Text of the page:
The Story of c RaphaeL 

The Story of Murillo. 

The Story of Millet 

Bach containing Ten Half Tone Engravings of the 

By JENNIE E KEYSOR, Author of the popular "Sketches of Ameri- 
can Writers." Price only 10 cents each. Address 






If in need of anything for your garden 
ivrite for oar Catalogue, 







SEEDS 160 and 171 Second St 


Portland Seed Co. 




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Quality Improved 
Price Reduced 


They arc Built to I^ide. 

They are the best Bicycles possible to produce, 
by the most skilled workmen, from the best ma- 
terials, in the largest and most completely 
equipped bicycle factories in the world J> J> J> 

HARTFORD \ They arc Handsome Bicycles. 

VtDt lit; They are stylish bicycles, and they possess those 

% niceties of detail that give an added value to 

B, * } the discriminating purchaser £• £• J- J> J> J> 

icycles <& \ 

\ They are Built to Sell. 
OTG B CO. J " 1S " Pto " 

\ Columbia Chainless, Lady's or Gents' . . $75.00 

I Columbia Chain, Lady's or Gents' . . . 50.00 

1 32- 134 ■ Columbia > Mod el 49, with '99 Improvements . 40.00 

\ Hartford, Lady's or Gents' 35.00 . 

SfvfVl ^AypoY * Vedette » Gents' 25.00 | 

IX 111 OtrCCt i. vedette, Lady's 26.00 2 

We handle the best line of Juvenile Bicycles 
Portland, Oregon, j in the Market. 


; Agents wanted in all unoccupied territory in Oregon, Washington, 
\ Idaho and Montana. 

When dealing with oar advertisers, kindlv mention The Pacific Monthly. 




Cot*. plPSt 

and Morrison 

Devers' Blend Coffee J ft Ml Flnsl 



Coffee Roasters... PORTLAND, OREGON 

..The Barnes Market Company.. 

Wholesale and Retail Dealers in 

Oysters, Game, Poultry and Fish 


Manufacturers of 

-p^Tgygssz-p-^v j^ ftJ^Hf) C 5 ^ FT F\ "FY F^ F\ 

Telephone 371... 105, 107, 1074 THIRD ST., PORTLAND, ORE. 

Agents in every city and town in the Northwest to 
solicit subscriptions for the Pacific Monthly. Salary 
j^j^arj^jrafaf jr'arjra^a^j^a^a^ or commission. Write us at once for particulars. 

Address Subscription Department, The Pacific Monthly, 

Macleay Building, Portland, Oregon.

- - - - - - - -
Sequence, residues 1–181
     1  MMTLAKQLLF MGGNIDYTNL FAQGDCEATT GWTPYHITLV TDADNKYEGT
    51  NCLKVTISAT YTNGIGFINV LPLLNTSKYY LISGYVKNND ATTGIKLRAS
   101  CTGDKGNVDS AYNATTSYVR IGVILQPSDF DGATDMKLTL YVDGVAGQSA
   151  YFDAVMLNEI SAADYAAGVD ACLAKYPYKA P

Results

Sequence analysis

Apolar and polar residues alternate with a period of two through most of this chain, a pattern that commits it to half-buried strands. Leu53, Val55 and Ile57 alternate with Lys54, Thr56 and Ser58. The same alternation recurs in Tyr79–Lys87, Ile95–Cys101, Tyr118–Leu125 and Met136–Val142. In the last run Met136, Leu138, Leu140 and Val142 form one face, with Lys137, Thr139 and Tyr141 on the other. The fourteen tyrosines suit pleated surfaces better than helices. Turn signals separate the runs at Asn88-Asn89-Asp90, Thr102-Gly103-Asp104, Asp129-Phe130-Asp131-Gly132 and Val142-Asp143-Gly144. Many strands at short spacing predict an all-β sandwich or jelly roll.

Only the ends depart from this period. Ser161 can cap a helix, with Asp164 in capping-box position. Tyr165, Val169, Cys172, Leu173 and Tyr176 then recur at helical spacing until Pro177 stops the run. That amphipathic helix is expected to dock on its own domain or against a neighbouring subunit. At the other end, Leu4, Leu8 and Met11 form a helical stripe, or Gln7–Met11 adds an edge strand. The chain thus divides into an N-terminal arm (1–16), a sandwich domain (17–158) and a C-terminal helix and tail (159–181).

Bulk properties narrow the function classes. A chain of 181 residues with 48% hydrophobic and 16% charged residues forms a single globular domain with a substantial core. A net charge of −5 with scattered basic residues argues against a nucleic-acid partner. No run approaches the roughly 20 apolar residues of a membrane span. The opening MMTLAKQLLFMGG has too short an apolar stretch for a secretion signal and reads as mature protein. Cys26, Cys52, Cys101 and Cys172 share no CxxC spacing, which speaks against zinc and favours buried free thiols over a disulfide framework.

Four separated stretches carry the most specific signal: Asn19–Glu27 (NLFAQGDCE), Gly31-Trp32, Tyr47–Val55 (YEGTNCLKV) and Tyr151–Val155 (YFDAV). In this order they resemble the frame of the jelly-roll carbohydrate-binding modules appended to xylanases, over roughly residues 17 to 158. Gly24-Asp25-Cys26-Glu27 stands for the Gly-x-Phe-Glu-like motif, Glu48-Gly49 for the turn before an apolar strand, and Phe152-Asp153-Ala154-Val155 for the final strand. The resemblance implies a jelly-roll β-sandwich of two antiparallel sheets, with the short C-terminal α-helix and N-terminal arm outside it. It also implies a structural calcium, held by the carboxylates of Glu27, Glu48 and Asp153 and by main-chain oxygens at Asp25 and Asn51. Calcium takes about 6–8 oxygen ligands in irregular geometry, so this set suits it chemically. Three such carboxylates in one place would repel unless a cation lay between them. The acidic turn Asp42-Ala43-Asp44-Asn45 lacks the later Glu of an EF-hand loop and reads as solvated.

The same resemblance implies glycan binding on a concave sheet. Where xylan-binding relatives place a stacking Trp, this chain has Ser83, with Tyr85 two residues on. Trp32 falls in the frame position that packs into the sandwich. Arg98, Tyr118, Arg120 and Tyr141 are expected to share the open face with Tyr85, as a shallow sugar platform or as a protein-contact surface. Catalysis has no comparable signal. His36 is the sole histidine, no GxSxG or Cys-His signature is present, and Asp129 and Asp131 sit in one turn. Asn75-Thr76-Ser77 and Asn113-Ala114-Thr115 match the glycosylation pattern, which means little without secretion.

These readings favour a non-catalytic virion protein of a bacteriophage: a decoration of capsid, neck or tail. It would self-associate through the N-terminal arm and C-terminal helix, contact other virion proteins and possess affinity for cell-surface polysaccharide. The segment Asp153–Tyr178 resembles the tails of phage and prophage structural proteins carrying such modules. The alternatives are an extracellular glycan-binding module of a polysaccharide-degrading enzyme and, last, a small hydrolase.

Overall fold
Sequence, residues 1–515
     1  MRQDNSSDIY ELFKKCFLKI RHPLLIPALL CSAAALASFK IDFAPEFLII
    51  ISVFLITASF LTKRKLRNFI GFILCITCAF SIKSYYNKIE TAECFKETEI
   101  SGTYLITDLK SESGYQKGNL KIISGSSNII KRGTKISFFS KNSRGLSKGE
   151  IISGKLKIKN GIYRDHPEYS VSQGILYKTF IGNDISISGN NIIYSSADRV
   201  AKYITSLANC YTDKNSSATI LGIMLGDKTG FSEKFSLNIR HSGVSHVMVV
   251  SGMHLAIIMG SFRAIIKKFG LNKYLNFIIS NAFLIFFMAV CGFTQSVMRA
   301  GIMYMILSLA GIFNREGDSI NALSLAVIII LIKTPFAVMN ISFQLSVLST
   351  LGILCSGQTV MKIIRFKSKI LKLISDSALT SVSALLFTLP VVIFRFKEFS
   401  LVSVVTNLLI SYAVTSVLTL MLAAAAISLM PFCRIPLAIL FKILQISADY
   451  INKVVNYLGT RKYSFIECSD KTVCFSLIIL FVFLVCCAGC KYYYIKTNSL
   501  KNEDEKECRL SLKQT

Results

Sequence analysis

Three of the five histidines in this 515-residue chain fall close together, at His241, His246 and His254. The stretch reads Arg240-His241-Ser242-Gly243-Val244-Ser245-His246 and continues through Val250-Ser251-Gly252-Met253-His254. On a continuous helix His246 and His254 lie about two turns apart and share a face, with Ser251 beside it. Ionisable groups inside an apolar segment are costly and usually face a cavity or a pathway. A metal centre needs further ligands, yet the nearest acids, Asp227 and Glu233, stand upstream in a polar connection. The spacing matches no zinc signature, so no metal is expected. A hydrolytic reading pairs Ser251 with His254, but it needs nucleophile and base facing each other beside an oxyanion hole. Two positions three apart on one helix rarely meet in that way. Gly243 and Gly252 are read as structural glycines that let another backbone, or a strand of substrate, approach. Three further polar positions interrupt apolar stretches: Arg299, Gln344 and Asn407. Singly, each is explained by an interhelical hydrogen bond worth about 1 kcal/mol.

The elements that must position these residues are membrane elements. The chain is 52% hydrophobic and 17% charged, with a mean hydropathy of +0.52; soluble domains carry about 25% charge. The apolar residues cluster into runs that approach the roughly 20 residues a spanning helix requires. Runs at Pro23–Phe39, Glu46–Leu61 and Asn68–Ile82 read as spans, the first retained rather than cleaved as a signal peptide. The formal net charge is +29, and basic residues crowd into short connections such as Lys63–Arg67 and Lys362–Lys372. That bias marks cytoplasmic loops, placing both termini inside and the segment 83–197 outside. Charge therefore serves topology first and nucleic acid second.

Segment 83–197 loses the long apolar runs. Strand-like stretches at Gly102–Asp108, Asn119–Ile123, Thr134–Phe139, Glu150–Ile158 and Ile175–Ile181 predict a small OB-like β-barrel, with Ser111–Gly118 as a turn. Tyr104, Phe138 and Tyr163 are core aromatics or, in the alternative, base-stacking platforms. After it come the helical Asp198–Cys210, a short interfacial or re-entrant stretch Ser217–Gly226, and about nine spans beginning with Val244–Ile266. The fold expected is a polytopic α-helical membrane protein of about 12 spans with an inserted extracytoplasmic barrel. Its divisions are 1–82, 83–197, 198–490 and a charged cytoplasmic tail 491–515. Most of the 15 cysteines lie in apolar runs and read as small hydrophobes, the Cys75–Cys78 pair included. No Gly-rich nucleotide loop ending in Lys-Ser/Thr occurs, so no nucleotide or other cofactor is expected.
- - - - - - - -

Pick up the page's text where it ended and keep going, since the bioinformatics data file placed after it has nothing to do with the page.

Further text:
\\^e call for, sponge, press and deliver one suit of 
your clothing each week for $1.00 per month. 

Unique Tailoring Co., 124 6th St. 

TH»antet> ... 

Oregon 'Phone M. 514. 
Columbia 'Phone 736. 

When dealing with our advertisers, kindly mention The rarific Mnnthh,. 


* I J HK publishers of The Pacific Monthly desire to make the Magazine unique 
■*■ among the literary publications of the day. With this end in view, new depart- 
ments will be added from time to time, and every effort made to conduct them along 
original and interesting lines. 

It is evident, however, that this object can be more immediately accomplished by 
giving the magazine a distinctive western flavor. Accordingly we call for manuscript 
relating , 


Almost every pioneer in the Northwest holds in memory some interesting fact 
which has come into his life, or has been told him by others, and the telling of it at 
this time will be of intense interest to the world. We hope, therefore, for a very 
liberal response to this call. 

Manuscript or letters relating to any of these subjects, or along the lines they sug- 
gest, will receive prompt and careful consideration. 

Any suggestions in regard to these articles, or any ideas relating to any depart- 
ment in the Magazine, will be gratefully received. Address all correspondence to 

The Pacific Monthly, Macleay Bldg., Portland, Or. 

$ " My Health is my For tune, Sir," she said, x 

* "and it came from eating " 


We are headquarters 

on the Pacific Coast for..... 

** Health Club 

Send us a two-cent stamp with your grocer's name 
and receive samples. 

20-22 North Front Street, PORTLAND, OREGON 

When dealing with our advertisers, kindly mention The Pacific Monthly.